Independent mortgage bankers have increasingly been in the news of late. Ten years after the 2008 housing crisis, the strong trends of IMB growth in mortgage lending continue as banks show little sign of reversing their retreat from our mortgage markets.
Community-based IMBs have thrived because they are small businesses, whose owners and employees live and work in the communities where they lend, providing personalized mortgage loan origination and servicing to the borrowers they serve.
At the same time, some parties have raised red flags about whether this IMB market share growth has created an increased risk that we should be concerned about, and whether this could lead to a reduction in the role of IMBs, which have led the way in providing access to mortgage credit for low and moderate income, minority and underserved homebuyers.
As a national association exclusively representing IMBs, the Community Home Lenders Association believes it is important to educate policy makers in the District of Columbia about IMBs to explain why and how IMBs are leading the way in providing access to credit, and to help assess whether their enhanced role poses any real financial, systemic or consumer risk.
CHLA recently published its 2018 Report on IMBs to address these questions. The report chronicles IMBs’ growth in Federal Housing Administration market share from 57% in 2010 to 85% in 2016, their growth in Ginnie Mae market share from 18% in 2009 to 78% in 2018 and similar though less pronounced trends for Fannie Mae and Freddie Mac.
The CHLA report includes a strong rebuttal of a burgeoning myth spread by some, such as the Brookings Institution in its March report, that IMB growth represents a risk we should be concerned about. IMBs pose almost no taxpayer risk, for the simple fact that unlike banks they are not FDIC-insured. And, the federal mortgage programs IMBs predominately use, such as FHA, have strong underwriting standards and financial oversight.
IMBs pose little systemic risk. Except for the half dozen or so largest firms, if one or even a number of IMBs went bust, it would cause barely a ripple.
Finally, the CHLA report includes a four-page detailed side-by-side chart comparing mortgage regulation of IMBs and banks. The chart shows what few realize – that IMBs are actually more regulated than banks when it comes to consumer protection.
IMBs must comply with all the same federal rules that banks and all other lenders must follow. But at the point of consumer contact, IMBs are much more stringently regulated. Mortgage loan originators at IMBs must:
1. Pass a SAFE Act test with real teeth and a 30% failure rate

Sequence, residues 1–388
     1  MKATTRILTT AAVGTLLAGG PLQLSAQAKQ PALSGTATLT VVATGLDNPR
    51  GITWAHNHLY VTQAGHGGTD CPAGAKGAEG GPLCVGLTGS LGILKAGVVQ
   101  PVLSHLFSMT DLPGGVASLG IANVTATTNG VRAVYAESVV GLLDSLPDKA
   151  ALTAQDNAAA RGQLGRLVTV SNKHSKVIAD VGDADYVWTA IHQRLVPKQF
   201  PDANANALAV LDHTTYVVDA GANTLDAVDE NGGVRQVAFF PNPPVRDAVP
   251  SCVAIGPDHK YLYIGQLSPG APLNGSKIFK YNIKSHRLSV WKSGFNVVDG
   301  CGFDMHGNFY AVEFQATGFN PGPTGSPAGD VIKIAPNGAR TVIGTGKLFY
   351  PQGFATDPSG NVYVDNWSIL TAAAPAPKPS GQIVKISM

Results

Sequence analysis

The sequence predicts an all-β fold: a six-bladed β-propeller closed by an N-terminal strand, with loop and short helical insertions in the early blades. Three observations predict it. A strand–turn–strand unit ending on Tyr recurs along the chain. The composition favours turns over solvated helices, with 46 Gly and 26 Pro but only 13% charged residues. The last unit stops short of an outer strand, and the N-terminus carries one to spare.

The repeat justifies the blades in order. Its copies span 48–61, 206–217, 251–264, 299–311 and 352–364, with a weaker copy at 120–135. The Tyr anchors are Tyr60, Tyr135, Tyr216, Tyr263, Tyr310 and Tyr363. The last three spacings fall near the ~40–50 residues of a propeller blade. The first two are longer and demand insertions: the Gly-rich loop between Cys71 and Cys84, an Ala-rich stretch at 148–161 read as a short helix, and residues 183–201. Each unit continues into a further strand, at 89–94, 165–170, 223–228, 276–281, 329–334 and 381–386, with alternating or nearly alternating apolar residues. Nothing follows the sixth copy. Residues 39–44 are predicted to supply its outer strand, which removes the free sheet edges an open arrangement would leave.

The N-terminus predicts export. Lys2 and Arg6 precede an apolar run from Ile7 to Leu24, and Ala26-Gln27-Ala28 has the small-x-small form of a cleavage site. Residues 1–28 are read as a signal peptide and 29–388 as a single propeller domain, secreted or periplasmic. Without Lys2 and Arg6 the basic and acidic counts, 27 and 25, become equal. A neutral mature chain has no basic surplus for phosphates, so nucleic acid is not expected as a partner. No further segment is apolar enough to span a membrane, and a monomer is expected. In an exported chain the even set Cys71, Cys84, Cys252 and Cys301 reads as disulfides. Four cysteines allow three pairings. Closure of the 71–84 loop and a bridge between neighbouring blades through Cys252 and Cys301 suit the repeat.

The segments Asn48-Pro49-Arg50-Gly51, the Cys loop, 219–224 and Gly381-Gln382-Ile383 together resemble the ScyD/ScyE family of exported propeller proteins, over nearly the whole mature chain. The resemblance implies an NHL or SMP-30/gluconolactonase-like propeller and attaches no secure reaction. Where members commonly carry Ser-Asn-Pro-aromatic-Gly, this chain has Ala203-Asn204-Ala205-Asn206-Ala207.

2. Pass an independent background check
3. Complete eight hours of SAFE Act continuing education each year
In contrast, LOs at banks are exempt from all these important SAFE Act requirements. Similarly, 100% of IMBs are subject to Consumer Financial Protection Bureau supervision and enforcement – while 98% of banks are exempt from such oversight.
The same week that this report was issued, CHLA sponsored a roundtable on IMBs for congressional staff, federal agency staffers, and D.C.-based associations and think tanks. We convened representative IMBs, experts in the regulation or supervision of IMBs, and other housing experts. Panelists explained how IMBs do business, how they are extensively regulated, and what risks they pose.
Are IMBs risky? Of course, all firms have some degree of risk. But one thing that our roundtable demonstrated is that one should be skeptical of broad claims, undocumented by the facts, that clearly exaggerate those risks or ignore the many factors, regulations and regulators that constrain those risks.
Finally, let me respond to a perception held by some that because IMBs are not banks, they are not well regulated. I challenge anyone attending the second panel of our CHLA roundtable to make that claim. Our panel brought together experts on the major regulators and supervisors of IMBs – covering state regulation, FHA, Ginnie Mae, Fannie and Freddie.
These experts documented how IMBs are extensively regulated – including net worth requirements, financial penalties for failure to comply with underwriting standards, quality control requirements and oversight, default performance metrics with teeth and many more.
IMBs have a great story to tell. We encourage Washington to listen to that story.